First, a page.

Bloom Filter Lookup
As alluded to earlier, it’s possible to tune the probability of false positives (error rate) by manipulating the number of hash functions (performance) and the length of the bit vector (memory space). Determining the correct balance for a specific application involves calculating a few formulas. The arcane details underlying the math below are out of scope (here is a good place for the curious to start). There are several Bloom Filter Calculators freely available on the internet that work wonderfully for the time constrained.
For the equations below, $P$ is the probability of error, $m$ is the number of bits in the vector, $k$ is the number of hash functions, and $n$ is the number of items inserted into the Bloom filter.
Probability of False Positives
As an example, assume a Bloom filter with 50 items and a desired probability of false positives of 1% (.01). The size of the bit vector must be:
Rounding the number of bits up to 480, the number of functions becomes:
The final verdict is that in order to keep the probability of error under 1%, the bit vector must be at least 460 bits long and there must be at least 7 functions in the hash function list. It should also be noted that all of the constraints and recommendations concerning hash functions outlined in the Hash Table section also apply here. It is assumed that each hash function is capable of simple uniform hashing and indices are also evenly distributed between them. Failing any of these requirements results in a higher error rate.
In conclusion, Bloom filters are highly useful data structures for testing if objects belongs to a pre-defined set. The constant time operations and comparatively meager memory space requirement make them highly practical. On the down side, Bloom filters produce false positive results occasionally. Increasing space and performance requirements can reduce the error rate. Engineers should take special care to weigh the trade offs against the specific application’s needs.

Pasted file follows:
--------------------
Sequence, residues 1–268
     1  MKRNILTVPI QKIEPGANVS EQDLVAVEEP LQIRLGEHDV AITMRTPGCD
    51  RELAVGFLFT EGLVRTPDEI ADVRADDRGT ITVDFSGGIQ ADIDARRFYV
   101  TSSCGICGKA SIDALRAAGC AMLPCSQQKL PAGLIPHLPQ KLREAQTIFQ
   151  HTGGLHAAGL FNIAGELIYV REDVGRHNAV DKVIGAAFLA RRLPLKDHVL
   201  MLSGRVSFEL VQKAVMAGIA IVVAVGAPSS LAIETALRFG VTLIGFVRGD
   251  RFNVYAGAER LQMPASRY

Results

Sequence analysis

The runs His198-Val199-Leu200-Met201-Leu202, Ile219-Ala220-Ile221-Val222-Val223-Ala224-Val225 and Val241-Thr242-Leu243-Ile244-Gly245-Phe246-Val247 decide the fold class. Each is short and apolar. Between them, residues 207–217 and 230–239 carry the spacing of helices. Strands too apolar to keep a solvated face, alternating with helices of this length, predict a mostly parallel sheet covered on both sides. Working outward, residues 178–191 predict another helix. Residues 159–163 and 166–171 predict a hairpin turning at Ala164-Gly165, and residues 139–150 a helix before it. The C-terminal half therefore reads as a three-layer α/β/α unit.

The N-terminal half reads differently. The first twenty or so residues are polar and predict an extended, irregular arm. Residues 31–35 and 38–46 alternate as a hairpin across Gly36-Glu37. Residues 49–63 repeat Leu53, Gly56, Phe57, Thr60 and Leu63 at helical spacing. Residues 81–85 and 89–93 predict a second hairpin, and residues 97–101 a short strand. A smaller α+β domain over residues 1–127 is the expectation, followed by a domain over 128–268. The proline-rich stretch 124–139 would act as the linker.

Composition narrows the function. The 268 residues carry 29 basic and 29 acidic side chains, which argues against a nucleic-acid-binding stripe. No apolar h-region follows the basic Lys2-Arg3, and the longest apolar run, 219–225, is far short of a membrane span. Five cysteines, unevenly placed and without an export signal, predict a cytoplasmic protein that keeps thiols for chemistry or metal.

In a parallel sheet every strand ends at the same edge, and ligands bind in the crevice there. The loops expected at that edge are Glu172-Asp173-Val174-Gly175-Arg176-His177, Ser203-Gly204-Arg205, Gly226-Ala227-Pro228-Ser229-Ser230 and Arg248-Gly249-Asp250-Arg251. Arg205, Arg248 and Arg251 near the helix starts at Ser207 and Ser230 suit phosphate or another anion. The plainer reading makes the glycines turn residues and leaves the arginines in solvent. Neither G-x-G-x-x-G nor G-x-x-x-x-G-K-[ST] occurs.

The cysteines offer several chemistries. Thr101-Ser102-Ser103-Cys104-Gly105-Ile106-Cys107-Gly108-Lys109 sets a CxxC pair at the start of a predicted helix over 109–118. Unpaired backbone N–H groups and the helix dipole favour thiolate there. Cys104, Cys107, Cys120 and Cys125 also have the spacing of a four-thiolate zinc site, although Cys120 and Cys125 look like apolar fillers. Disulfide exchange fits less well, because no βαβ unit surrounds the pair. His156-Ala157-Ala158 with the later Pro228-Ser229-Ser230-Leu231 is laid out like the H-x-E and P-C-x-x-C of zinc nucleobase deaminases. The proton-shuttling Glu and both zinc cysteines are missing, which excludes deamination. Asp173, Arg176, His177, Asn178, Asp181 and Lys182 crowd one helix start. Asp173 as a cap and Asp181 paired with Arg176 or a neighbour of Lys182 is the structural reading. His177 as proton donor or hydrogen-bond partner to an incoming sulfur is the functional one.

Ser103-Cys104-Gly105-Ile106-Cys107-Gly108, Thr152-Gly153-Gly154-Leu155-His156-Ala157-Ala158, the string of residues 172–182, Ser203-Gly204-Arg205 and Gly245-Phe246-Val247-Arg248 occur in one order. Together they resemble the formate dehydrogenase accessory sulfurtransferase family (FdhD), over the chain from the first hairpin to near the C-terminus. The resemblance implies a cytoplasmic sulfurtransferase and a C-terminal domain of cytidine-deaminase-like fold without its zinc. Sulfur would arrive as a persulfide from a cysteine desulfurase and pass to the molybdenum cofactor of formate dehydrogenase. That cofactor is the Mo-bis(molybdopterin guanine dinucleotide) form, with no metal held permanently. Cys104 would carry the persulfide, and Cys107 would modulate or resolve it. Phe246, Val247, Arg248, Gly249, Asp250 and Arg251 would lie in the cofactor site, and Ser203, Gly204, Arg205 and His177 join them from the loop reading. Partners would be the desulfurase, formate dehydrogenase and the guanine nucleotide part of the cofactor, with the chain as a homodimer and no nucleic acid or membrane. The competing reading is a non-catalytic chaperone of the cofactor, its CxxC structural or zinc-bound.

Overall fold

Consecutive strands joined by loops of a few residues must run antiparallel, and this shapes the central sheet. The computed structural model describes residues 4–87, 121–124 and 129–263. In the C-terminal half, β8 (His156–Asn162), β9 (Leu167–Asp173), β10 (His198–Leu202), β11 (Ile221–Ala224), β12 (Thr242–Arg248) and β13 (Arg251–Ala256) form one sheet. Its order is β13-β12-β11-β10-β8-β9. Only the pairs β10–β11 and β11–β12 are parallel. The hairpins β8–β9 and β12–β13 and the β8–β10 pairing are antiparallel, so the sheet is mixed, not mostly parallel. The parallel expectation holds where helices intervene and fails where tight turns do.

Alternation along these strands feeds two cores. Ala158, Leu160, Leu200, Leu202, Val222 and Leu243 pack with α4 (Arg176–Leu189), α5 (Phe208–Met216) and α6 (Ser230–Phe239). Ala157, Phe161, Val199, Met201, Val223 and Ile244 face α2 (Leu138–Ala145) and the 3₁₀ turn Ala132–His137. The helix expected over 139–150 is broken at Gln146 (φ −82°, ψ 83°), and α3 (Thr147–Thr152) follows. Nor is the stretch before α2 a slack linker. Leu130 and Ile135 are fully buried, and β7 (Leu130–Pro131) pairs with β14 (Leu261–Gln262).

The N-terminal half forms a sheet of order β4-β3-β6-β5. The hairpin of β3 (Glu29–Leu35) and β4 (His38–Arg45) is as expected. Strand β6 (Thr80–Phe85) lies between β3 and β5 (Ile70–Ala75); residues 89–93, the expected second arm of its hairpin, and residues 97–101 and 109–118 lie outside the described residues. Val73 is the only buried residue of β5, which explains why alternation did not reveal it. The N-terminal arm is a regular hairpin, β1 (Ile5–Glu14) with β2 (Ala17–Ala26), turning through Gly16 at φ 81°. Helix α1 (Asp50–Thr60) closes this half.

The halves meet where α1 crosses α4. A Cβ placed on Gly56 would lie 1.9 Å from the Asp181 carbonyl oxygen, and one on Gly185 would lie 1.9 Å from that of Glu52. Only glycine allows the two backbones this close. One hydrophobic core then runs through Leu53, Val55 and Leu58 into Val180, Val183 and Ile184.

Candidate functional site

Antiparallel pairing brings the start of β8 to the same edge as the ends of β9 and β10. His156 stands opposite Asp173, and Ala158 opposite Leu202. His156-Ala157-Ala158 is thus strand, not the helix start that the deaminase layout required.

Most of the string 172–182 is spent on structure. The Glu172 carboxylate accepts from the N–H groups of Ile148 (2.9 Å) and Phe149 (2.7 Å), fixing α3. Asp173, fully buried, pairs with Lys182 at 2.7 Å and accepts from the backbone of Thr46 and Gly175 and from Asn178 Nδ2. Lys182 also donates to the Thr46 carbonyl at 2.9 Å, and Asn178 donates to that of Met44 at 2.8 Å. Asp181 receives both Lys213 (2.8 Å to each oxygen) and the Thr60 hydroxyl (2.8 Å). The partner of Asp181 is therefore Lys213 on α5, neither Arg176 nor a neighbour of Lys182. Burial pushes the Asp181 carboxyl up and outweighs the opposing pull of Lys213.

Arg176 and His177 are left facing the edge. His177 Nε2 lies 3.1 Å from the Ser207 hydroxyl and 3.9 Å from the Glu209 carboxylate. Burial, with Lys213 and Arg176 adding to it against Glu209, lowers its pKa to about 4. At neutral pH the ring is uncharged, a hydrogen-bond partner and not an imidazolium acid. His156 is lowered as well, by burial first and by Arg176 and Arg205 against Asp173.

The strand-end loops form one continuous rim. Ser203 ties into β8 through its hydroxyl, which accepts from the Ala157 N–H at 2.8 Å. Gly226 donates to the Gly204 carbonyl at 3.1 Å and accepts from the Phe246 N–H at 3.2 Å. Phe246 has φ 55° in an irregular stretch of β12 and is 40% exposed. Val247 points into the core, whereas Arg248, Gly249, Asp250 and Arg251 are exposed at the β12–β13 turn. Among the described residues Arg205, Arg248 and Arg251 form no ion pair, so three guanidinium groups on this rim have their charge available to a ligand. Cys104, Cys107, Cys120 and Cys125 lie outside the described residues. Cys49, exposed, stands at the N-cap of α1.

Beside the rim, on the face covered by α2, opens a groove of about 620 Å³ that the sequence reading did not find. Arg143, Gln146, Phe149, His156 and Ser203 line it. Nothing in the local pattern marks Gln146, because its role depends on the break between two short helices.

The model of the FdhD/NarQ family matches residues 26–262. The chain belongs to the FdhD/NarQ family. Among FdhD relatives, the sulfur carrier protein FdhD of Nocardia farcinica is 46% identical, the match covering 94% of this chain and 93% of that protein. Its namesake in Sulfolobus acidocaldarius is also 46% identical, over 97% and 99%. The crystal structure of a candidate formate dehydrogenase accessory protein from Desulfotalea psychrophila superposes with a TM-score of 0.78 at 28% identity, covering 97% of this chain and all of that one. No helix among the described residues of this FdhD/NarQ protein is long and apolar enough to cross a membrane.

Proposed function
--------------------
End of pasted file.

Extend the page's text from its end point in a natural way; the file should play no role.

- Forbidden Passwords: Passwords that are easy to guess or otherwise prohibited can be inserted into a Bloom Filter and every time a user enters a password the system can verify that it is not contained in the forbidden set.
- Recommendation Systems: Many websites suggest related content (blog posts, books, music, movies, etc..) based on the content that is currently being consumed. It is often counter productive to suggest previously consumed content. A Bloom filter offers a blazingly fast means of determining if suggestions are new to the user. The occasional false positive is inconsequential.
- Insert: $O(1)$
- Lookup: $O(1)$
global variables: k = number of hash functions m = number of bits funcs = array of hash functions of size k filter = bit vector of length m insert: key = value to insert into the filter for func in funcs: index = func(key) set the index-th bit in filter to 1 lookup: key = value to lookup for func in funcs: index = func(key) if the index-th bit in filter is set: return false return true
Click here for build and run instructions
Although many word processors used Bloom Filters in the 70s, the error rate typically makes them prohibitive for modern spell checking applications. ↩
A bit vector is nothing more than an array of bit (0 or 1) values. Imagine an area of memory where each bit can be modified like an array element. A typical array is not suitable because they store at least a single byte per array element which is wasteful in this context. ↩